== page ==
This became the focused career path of choice around the time I started high school. In 9th grade my friend Josh and I started writing what you might call songs on a Casio keyboard and acoustic guitar that rarely had all 6 strings intact. I recall sitting on a beach in Mexico (Josh was usually invited on family vacations with us) writing lyrics. Something about being lost in space and hate and something about blood too. Regular literati stuff. 

By age sixteen I had moved from the Casio keyboard to bass guitar and Josh picked up a Gibson Explorer copy and a cheap amp. We started writing semi-cohesive material and actually filmed ourselves performing (guitar, bass and loads of ad lib dialogue and singing,) replete with cheesy camera angles, strategic lighting, fake blood, and eye-liner that would have made even Robert Smith cringe. Oh and there was a sword fight in there. Thankfully I have the only copy in existence.

A drummer, singer, and occasional 2nd guitar were added to the mix towards the end of our sophomore year, and by the time we were juniors in high school we had a full-fledged punk/thrash band going. Our name? Subconscious Holocaust (although our singer, Rick, a 21 year-old dropout that found his way into our mix through a mutual friend, decided to tattoo the band name on his leg and spelled it “Subconscious Holocost.” When I pointed out the misspelling he turned the "s" in Holocost into a dollar sign and insisted that was how we spell the band name. The few fliers and cassette “J” cards I have left from back then are all spelled “Holocaust,” for what it’s worth.)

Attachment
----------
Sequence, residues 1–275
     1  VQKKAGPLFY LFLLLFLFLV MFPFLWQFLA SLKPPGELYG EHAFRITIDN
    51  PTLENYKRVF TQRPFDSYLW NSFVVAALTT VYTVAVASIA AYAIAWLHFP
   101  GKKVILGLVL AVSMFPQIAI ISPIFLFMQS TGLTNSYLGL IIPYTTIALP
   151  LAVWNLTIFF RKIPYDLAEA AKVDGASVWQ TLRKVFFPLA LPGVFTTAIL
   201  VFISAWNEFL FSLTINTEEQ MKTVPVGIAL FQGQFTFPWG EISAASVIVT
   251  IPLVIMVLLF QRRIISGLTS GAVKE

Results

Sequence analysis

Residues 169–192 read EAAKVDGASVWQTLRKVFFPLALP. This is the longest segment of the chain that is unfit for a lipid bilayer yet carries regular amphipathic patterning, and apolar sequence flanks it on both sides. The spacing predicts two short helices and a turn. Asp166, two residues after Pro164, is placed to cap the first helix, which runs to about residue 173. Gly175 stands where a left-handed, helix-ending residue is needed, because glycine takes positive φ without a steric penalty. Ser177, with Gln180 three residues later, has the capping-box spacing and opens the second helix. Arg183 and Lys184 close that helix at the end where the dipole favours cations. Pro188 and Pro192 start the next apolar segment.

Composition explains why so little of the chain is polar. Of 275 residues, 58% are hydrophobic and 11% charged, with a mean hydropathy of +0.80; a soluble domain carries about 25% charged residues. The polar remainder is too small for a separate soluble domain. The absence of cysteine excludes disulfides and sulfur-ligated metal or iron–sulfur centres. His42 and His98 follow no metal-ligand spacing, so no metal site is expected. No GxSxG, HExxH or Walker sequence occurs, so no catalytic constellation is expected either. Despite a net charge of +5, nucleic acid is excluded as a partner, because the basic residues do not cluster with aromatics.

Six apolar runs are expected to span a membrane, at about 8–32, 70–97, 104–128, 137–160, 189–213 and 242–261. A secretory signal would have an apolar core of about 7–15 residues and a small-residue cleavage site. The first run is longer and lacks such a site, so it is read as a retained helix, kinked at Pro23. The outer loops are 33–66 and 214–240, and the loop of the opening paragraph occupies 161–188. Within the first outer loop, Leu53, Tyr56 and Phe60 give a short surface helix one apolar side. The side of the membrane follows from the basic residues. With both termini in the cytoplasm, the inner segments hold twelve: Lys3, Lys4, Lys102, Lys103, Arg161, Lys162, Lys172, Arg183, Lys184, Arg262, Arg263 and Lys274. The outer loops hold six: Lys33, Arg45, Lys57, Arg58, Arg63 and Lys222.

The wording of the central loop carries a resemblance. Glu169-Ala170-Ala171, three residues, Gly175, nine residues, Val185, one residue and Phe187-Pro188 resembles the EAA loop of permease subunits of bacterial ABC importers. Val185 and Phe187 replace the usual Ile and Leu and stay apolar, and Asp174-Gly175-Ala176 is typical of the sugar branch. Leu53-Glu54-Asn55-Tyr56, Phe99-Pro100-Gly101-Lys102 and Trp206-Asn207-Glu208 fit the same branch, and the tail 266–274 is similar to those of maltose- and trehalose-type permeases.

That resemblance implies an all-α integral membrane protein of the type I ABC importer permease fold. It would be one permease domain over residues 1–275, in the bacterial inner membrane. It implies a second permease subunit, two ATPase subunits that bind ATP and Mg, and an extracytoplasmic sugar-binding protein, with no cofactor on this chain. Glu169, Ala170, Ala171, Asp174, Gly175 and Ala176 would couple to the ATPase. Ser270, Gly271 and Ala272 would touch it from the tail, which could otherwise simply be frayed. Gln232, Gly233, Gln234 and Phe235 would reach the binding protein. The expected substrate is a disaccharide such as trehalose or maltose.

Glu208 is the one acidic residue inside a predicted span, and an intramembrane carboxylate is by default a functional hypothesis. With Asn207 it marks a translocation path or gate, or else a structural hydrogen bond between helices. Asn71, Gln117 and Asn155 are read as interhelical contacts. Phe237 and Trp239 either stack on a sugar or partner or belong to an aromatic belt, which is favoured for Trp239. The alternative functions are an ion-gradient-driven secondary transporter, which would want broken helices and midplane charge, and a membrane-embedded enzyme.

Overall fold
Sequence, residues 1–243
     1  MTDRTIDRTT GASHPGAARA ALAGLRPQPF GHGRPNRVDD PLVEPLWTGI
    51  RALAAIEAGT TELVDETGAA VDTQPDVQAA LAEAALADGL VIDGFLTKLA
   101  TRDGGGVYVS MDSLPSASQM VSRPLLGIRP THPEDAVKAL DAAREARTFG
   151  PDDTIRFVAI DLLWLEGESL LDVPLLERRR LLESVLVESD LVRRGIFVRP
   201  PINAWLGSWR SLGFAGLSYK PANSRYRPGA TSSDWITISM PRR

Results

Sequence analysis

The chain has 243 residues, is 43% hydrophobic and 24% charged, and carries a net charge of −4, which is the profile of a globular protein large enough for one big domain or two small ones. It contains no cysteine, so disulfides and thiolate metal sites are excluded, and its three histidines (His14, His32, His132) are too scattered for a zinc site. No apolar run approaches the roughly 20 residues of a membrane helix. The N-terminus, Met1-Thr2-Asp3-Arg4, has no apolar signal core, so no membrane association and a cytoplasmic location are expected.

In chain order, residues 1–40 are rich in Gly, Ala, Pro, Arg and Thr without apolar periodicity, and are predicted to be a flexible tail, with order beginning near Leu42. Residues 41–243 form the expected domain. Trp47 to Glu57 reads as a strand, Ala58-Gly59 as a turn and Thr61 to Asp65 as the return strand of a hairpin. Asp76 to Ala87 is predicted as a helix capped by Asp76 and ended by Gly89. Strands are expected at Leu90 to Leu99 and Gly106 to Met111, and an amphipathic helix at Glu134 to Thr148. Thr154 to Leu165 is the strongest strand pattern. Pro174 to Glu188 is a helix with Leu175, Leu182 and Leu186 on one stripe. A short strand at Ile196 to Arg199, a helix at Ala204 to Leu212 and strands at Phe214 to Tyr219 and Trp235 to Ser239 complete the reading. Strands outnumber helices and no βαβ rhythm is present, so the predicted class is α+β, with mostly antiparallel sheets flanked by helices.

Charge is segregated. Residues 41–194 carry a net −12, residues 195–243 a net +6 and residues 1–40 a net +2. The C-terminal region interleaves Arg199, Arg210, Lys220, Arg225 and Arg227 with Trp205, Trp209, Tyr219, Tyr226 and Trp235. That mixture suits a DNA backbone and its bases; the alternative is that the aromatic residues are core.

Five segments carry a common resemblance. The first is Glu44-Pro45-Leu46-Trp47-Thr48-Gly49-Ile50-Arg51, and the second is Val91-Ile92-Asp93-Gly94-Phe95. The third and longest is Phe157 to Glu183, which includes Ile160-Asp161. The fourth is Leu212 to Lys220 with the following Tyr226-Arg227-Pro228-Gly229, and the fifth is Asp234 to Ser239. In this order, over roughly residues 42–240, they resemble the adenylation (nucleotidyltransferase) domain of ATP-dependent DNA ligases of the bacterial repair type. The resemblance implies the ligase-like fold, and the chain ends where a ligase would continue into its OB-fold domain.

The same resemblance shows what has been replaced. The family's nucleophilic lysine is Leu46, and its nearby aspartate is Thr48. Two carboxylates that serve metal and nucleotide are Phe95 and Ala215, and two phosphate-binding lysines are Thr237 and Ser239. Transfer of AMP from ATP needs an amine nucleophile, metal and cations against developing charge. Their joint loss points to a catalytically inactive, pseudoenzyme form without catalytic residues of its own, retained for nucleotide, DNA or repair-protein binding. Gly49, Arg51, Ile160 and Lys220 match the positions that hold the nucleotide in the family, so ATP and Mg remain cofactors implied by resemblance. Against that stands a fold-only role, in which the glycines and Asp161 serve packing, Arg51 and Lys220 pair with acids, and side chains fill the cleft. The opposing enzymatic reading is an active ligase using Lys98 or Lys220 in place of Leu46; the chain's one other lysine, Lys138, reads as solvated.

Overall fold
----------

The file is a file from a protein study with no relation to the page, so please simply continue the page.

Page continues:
Our first gig was in Josh’s driveway. It was a ½ mile dirt affair that peeled off a quiet road out in the country a few miles from the desert town I grew up in. There were maybe 12 or 15 people there. Our set was so sparse we played it three times through and barely cracked 45 minutes before Josh’s parents told us to cool it. It was a modest start, but the handful of kids that showed up loved us. A dusty mosh-pit erupted in front of our amps as the kids slam-danced and slammed beers. In typical punk-rock DIY fashion, our cobbled-together gear barely functioned and was primarily held together with duct tape. We had no P.A., but rather an old stereo amplifier rigged up to a car speaker box. We probably sounded like shit, but we didn’t care; we were on our way. 

If anything we were persistent. We practiced three, sometimes four or more times a week. We wrote songs, building our paltry set-list to a point where we could rock for at least 30 minutes without playing the same song twice. We even managed to work up a cover of Anarchy in the U.K. It took some practice as Josh couldn’t do much more than power chords. It speaks to the level of musicianship in a band when you have a hard time covering a Sex Pistols song.

Our next gig was a considerable step up—our sound was improving with the addition of Todd, the 2nd guitarist. He could actually play solos.  Around the time Todd was worked into the band on a part-time basis, a kid I had known since elementary school threw a house party and invited us to play. (See imbedded video following the blog).